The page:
Prologue: on airports
Over the last 10 years, there’s been drastic improvement in airport food (not to be confused with airplane food). Many of the major hubs have moved from watered-down mall food to chef-driven restaurants and fresh food shops. Global companies such as HMSHost and Hudson Group have influenced these changes.
The rising tide of airport food has lifted the potato chip selections. Consider Terminal 1 at Chicago’s O’Hare airport: within a few hundred feet you can find at least five different brands. I saw Kettle Brand, Deep River, Lays, Dirty chips, and Chicagoland’s own Vitner’s. Other airports offer similar national and local varieties (Philadelphia, for example, carries Utz).
Contrary to airports, bus and train stations haven’t experienced the same renaissance. So chip lovers just have to fly.
Bag 0: I see Pringles, but where are the Lays?
I spent most of the week in Heidelberg, the picturesque German village known for its castle, bridge, and student life. I arrived on a Sunday and didn’t waste much time in getting to the chips.
First stop: the minibar.
Germany Bag 1: Funny Frisch – Chili and Paprika (Riffels)
I started with three bags, all from the German outfit known as Funny Frisch.
Ridged (or, uh, Riffeled in German?) Chili and Paprika were the first ones I tried. These chips were refreshingly crispy – sturdy, but almost fragile. The flavor was spicy without being hot (imagine barbecue chips without the sweetness). The seasoning was heavy yet not enough to leave residue on the fingers. Highly recommended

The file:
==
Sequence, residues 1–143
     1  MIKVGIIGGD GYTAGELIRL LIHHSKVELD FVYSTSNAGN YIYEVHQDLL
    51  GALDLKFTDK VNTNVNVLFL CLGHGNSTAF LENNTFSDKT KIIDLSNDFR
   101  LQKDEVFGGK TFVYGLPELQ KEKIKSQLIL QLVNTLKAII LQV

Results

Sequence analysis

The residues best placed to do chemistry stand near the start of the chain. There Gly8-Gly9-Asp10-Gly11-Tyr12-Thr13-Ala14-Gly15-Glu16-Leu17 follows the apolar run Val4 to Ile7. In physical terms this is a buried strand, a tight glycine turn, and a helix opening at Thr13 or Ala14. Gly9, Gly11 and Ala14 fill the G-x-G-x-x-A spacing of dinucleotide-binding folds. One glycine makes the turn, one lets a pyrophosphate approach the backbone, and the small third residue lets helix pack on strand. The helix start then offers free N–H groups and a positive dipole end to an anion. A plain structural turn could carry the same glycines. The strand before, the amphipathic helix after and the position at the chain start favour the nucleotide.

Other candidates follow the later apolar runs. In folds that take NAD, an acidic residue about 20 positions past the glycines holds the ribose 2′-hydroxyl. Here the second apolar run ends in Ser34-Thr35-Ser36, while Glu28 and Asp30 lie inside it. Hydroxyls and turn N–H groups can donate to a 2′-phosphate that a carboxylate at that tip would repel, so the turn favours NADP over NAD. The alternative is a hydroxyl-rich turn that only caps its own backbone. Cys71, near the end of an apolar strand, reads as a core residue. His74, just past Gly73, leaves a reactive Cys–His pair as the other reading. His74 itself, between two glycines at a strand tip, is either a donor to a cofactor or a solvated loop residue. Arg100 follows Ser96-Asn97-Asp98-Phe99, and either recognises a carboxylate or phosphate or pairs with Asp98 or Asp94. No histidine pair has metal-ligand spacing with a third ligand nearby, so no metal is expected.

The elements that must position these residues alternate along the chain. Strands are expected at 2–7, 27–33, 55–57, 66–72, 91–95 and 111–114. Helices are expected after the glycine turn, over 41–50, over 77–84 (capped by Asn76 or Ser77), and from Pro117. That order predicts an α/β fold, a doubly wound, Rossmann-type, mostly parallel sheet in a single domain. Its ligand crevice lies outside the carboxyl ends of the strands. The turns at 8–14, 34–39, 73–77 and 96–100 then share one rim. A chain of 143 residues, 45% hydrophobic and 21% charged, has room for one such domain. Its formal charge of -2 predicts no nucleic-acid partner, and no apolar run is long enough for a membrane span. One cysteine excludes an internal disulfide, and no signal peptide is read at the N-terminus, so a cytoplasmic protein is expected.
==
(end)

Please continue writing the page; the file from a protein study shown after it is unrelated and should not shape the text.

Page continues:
Germany Bag 2 : Funny Frisch Chipsfrisch – Currywurst Style
More like currybest!
The main flavors of currywurst are ketchup, curry powder, and a little smoke. I enjoyed them, but I understand not everyone loves curry (editor’s note: the people that dislike curry are wrong).
I regret not eating “real” currywurst during the trip. I had a chance, but was scared off because it was listed in the snack portion of a menu. I opted for an entree. The entree was large. At least it was a healthy (some lightweight “spa cuisine” dish called schnitzel bolognese).
Germany Bag 3: Funny Frisch Chipsfrisch – Ungarisch
Ungarisch are Hungarian-style chips. The main flavors are paprika, onion and garlic.
Of the three Funny Frisch flavors I sampled, this finished third. But that doesn’t mean it was bad. All of the Funny Frisch chips were crisp and properly seasoned.
Let’s talk about the bag.
I love it. Never change.
Not a chip, but a beverage worth trying: Multivitamin Juice
Multivitamin juice: every fruit ever, all in the pool, and very orange. This tasted best when ice cold. I had about 20 glasses of this. This, along with Schweppes bitter lemon, must get a bigger distribution in the US.
Germany Bag 4: Lorenz Crunchips – Western Style
Lorenz’s Western Style Crunchips were a must-buy. I’m a Westerner. How could I pass?
This bag told me Germany thinks Westerners love peppers and pineapple with ketchup. They are 100 percent right.
Their website describes Western Style as a “sweet and spicy” flavor. I’m disappointed they didn’t offer a more accurate description of Western chips. I’m thinking of the kind of chips that dress too casual for certain restaurants, assume everyone speaks English without asking, and get aggravated when the waitress don’t bring the bill post haste.
They were decent, but not great. The chips compensated for any lack of sweetness in the the Funny Frisch offerings.
Germany Chip 5: Chio Hot Pepperoni
Chio is a pretty established brand in Europe, so I had to pick something from them. And the last chip I had was the spiciest of the bunch. Being the naive Westerner that I am, I expected hints of meat in this chip (to me, pepperoni is something Italian). Nothing of that sort here, only the pepper flavors.
Overall, Germany is a potato chip destination. Strong national brands with a diverse set of flavors made this a great place to visit. If you like paprika, this is the right country. And be sure to wash down whatever you eat with multivitamin juice.
You can buy some of the chips mentioned above online in the US. Click any of the links below to see offerings from the following brands: